accompanying text. Nonetheless, we find no r eason to believe that 
  Congress, by codifying the firm r esettlement bar, intended to alter the 
  burden scheme contained in 8 C.F.R.S 208.13(c)(2)(ii) and, accordingly, 
  will apply that scheme to Abdille's case. 
                                   
                                 23 
   
 clearly carry the initial burden of setting forth evidence that 
  "indicates" that Abdille had firmly r esettled in South Africa, 
  and, to the extent that the INS relies on pr ovisions of South 
  African law--e.g. asylum provisions found in the Aliens 
  Control Act--to demonstrate that the South African 
  government granted Abdille "an offer of permanent resident 
  status, citizenship, or some other type of per manent 
  resettlement" within the meaning of 8 C.F .R. S 208.15's firm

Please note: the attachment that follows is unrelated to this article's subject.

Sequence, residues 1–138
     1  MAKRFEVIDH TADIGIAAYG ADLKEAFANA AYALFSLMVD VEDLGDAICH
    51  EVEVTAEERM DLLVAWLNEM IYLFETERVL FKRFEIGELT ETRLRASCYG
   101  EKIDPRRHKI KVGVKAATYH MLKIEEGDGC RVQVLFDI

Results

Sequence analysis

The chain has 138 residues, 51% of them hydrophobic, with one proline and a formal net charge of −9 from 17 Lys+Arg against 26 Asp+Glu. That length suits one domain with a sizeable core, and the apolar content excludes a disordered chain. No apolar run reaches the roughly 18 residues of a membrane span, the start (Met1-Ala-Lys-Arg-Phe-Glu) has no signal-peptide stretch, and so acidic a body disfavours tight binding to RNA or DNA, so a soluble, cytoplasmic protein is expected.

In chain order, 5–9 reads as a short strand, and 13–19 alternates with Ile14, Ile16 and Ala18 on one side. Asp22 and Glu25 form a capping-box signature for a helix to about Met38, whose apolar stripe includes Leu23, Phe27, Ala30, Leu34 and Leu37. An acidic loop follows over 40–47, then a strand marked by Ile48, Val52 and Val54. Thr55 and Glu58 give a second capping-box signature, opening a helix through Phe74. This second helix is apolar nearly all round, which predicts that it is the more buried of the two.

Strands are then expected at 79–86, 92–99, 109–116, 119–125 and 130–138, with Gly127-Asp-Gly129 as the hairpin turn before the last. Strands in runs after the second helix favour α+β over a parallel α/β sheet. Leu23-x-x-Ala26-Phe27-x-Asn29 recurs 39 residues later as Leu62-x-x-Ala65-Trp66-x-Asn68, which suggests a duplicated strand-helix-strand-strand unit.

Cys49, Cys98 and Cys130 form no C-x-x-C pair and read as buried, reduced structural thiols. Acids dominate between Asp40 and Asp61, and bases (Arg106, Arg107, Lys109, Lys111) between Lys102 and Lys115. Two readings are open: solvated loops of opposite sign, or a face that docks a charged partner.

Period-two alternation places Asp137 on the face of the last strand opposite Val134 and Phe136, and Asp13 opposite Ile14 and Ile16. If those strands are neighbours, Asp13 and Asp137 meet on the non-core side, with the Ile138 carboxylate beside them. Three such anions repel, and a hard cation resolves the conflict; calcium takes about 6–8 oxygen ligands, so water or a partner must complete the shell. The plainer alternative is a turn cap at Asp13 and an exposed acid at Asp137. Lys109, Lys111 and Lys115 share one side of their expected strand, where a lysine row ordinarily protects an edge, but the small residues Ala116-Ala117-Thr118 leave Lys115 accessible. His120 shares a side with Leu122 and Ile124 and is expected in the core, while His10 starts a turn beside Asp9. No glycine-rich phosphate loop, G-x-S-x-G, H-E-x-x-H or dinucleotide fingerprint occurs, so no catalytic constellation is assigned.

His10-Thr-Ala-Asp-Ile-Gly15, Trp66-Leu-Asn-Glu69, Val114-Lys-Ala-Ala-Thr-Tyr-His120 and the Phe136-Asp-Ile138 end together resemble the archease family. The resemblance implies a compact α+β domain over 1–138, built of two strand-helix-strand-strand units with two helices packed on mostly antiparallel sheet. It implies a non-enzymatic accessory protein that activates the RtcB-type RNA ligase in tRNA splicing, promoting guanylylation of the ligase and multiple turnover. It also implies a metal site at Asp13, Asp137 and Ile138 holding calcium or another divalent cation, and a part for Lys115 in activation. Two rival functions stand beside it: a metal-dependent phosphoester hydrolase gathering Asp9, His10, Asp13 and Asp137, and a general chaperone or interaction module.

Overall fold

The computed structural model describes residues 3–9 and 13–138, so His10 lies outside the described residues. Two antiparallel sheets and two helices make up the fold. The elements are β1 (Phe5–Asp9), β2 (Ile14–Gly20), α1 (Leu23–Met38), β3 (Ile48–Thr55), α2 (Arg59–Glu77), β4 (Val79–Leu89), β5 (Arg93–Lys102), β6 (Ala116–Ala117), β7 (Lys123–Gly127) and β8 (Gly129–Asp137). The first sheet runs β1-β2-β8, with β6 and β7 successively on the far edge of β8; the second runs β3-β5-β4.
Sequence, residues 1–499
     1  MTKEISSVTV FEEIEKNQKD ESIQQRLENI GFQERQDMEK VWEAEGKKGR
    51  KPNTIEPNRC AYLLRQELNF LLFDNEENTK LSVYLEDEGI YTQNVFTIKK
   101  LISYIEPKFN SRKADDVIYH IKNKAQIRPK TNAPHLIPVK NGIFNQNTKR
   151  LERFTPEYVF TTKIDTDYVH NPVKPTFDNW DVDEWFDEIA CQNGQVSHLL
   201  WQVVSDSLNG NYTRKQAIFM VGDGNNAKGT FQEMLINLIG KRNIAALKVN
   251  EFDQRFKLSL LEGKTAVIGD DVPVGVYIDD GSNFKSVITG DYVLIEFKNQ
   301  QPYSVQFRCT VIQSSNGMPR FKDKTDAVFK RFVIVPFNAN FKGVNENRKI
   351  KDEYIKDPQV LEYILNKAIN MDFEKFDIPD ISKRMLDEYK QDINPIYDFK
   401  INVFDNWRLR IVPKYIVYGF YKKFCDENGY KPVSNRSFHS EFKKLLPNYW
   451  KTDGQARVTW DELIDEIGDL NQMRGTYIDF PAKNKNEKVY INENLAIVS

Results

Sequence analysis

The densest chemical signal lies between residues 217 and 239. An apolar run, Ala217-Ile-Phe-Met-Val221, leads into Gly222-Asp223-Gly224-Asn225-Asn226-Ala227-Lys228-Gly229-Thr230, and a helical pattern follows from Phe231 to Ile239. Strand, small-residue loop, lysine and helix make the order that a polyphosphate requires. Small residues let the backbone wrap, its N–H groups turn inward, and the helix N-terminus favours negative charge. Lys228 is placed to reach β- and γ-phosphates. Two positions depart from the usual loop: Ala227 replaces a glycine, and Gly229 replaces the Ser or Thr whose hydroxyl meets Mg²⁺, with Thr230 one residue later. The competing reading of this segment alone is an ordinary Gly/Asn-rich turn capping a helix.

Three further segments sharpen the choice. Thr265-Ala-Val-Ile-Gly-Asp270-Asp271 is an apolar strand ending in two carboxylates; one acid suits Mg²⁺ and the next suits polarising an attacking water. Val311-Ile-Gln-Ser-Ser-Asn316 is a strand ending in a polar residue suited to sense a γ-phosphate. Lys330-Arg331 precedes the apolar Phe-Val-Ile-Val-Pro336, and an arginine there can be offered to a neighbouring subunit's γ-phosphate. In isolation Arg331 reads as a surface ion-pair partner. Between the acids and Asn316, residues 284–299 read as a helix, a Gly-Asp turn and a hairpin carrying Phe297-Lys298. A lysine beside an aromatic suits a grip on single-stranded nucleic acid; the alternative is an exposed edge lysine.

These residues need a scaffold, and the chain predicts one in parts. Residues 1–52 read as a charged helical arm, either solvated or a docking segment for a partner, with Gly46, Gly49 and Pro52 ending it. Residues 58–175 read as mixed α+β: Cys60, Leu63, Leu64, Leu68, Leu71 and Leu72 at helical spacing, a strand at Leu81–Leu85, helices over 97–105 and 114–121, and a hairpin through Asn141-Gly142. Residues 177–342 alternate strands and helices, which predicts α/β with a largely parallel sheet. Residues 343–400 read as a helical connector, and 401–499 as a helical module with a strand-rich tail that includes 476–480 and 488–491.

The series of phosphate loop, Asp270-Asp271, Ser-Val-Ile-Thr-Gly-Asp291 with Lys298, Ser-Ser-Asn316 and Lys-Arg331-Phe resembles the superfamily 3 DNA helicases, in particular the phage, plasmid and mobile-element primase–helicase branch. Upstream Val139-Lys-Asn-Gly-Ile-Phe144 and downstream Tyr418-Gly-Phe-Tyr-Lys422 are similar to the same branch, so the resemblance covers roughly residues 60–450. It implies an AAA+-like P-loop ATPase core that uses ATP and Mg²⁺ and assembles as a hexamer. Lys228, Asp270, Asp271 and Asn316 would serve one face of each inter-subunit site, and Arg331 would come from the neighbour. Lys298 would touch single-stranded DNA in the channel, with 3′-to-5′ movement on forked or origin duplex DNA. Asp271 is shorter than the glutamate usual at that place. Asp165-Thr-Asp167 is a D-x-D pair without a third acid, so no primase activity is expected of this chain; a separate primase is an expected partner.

resettlement definition, it will thus carry the burden of 
  setting forth evidence of the substance of that law. 
   
 Should the INS meet this threshold burden of production, 
  however, the burden of introducing evidence to overcome 
  the firm resettlement finding would shift to Abdille, the 
  asylum applicant. If Abdille then seeks to use the 
  substance of South African law to rebut thefirm 
  resettlement finding--e.g., by pointing to particular 
  provisions of the Aliens Control Act thatfix the term of 
  refugee status to two years in order to r ebut the suggestion 
  that he was issued an offer of permanent resettlement-- 
  Abdille will carry the burden of setting forth the relevant 
  content of South African immigration law and practice. 
  Moreover, as contemplated in S 208.13(c)(2)(ii)'s allocation 
  scheme, once the government carries its bur den of